What did Google know about this referrer spammer?
I decided I would double check the questionable site with Google's "link:" function. Once again, I didn't find any legitimate links from the questionable site back to our site. I also found that the site appeared to be banned from Google all together. These discoveries lead me to think about how the reference from the questionable site to ours may be negatively affecting our ranking. I needed to find a solution to the problem.
Internal Research on Referrer Spamming
I discussed multiple possibilities with the other WSI departments including the possibilities of banning a referring site IP, the stats system incorrectly reporting link backs and a virus. None of the possibilities checked out, so I went back to the drawing board.
I did a trace route on their site to check out if some where along the way a DNS server was messing up a reference, I have seen this happen before when an IIS default site isn’t setup correctly. This was another dead end.
A lookup on Network Solutions also resulted in little additional information as the questionable site had used a DNS registration proxy to avoid having to supply accurate registration information.
By searching Google and various web developer forums, I found that other people with various configurations for web stats were also seeing random results in their referrer links. While there were many people posting problems, there were very few technical answers. Many of the solutions or proposed causes were little more than a virtual shoulder shrug.
Just as I was about to leave a particular thread, that seemed like another dead end, I found the holy grail of posts related to this issue. While the post itself only read “You are getting referrer spammed.” it held the key to solving the problem.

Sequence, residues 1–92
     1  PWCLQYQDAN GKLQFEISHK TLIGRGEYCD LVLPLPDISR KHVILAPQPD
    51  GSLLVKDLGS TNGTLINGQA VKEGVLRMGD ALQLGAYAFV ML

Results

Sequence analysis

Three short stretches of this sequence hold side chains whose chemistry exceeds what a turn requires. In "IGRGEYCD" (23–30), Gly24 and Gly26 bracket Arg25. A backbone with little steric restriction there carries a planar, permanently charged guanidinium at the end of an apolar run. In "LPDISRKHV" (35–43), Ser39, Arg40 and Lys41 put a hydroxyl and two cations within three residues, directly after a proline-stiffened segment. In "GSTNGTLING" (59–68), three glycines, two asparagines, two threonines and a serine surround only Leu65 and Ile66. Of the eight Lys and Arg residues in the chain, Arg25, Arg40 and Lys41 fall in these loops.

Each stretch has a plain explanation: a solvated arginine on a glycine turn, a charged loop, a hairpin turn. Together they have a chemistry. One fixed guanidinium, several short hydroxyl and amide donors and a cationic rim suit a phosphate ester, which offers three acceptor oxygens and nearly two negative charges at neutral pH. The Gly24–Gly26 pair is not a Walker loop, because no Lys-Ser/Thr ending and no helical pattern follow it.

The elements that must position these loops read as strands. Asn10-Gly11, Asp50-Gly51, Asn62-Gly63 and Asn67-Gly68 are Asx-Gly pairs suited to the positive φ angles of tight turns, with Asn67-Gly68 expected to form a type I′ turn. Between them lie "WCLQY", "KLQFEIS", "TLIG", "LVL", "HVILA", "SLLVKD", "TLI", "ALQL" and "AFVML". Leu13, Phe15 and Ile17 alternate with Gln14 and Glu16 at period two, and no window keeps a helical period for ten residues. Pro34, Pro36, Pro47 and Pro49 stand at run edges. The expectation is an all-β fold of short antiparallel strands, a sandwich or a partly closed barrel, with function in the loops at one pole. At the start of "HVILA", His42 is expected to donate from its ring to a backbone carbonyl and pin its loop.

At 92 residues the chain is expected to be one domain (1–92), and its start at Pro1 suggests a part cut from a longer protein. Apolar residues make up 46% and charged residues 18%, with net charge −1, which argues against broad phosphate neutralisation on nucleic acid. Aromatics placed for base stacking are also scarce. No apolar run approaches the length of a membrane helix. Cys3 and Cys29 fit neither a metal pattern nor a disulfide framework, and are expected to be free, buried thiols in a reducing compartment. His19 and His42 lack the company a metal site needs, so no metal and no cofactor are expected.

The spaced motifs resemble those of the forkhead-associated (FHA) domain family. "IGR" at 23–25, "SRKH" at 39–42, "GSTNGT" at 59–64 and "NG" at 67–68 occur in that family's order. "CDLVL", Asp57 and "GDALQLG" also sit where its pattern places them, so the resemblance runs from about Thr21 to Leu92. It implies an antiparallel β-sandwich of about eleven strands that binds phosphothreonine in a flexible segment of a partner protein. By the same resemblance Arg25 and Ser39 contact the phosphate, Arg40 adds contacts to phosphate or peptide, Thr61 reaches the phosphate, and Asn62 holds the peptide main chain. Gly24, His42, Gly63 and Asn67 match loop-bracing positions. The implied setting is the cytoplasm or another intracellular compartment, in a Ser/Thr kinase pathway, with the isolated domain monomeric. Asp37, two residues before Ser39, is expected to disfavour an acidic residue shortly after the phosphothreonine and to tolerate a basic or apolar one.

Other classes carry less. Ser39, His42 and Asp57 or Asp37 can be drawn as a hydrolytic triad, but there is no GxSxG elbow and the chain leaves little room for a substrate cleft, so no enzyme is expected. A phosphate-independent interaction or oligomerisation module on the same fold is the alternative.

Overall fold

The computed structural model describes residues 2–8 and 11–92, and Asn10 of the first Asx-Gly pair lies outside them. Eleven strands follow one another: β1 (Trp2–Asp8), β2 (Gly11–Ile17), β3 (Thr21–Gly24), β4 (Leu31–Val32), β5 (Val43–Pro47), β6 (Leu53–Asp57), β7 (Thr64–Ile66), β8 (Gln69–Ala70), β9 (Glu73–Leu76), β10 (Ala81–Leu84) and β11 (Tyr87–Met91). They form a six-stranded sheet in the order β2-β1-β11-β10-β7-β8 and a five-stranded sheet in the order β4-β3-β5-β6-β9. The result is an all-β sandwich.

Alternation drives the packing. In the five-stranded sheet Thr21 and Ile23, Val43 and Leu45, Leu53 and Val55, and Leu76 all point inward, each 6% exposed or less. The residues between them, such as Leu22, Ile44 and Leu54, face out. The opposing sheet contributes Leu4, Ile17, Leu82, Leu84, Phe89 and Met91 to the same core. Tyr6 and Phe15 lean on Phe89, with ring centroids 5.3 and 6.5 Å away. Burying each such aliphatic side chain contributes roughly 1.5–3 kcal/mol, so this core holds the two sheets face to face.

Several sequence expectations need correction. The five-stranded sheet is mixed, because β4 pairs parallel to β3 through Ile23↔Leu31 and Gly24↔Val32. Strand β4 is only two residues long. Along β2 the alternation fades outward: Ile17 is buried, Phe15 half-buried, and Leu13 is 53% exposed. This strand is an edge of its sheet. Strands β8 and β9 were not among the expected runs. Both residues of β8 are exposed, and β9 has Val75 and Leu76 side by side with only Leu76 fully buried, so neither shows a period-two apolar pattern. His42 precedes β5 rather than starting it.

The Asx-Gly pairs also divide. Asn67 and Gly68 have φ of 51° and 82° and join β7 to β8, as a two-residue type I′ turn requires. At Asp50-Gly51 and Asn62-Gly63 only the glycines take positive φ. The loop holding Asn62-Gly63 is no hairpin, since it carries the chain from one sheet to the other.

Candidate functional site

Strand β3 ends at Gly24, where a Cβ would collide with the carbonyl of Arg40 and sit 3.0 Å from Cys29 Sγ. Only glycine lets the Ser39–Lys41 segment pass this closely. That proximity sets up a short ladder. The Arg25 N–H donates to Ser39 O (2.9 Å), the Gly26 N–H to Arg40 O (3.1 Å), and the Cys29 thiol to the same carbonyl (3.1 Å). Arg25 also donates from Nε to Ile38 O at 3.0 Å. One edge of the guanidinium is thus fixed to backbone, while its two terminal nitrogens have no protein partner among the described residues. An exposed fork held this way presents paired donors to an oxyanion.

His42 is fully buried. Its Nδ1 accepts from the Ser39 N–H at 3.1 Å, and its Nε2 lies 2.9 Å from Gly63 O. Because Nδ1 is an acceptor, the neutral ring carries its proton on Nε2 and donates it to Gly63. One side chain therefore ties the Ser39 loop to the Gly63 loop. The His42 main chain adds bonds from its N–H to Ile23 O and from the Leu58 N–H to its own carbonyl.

Of course! This was a very tricky way of manipulating the system that I didn’t think of. I started digging on referrer spamming and how it related to web stats systems. The Wiki on referrer spamming gave me the information I needed.
Late last year we changed our server stat program for our corporate site and didn’t replace the username and password on the site. The stats for our site were public to the world, but only if you knew the correct URL. This didn’t seem like a big deal, but most "security by obscurity" solutions are often left vulnerable because they don’t seem like a big deal.
How the Referrer Spamming was Working
What was happening was the questionable site had somehow found our public stats page and was running a robot to report false information to our server. This false information was seen in the form of an external link and registered in our stats program as a link to the referring page.
So what does that mean? What the questionable site was doing was not trying to referrer to us; it was trying to get our web stats page to referrer to them. If our stats pages were then indexed by a search engine their link would be seen on our web stats page and counted as a referring link to them. Tricky! Fortunately, our web stats pages aren’t listed in any search engine so any benefit they thought they were was minimal.
The Fix for Referrer Spamming
For the solution, I had our network administrator replace the missing password and place a robots.txt file with appropriate instructions for spiders to not index the stats system. Now it’s a waiting game to see how long the other site continues to try to “cheat” the system. Since there is no way for me to turn off their robot, they can still spam the server stating that they are linking to us.
I plan to further research this issue by seeing if I can identify exactly what IP the robot is coming from and ban it from our servers.
Web Department Manager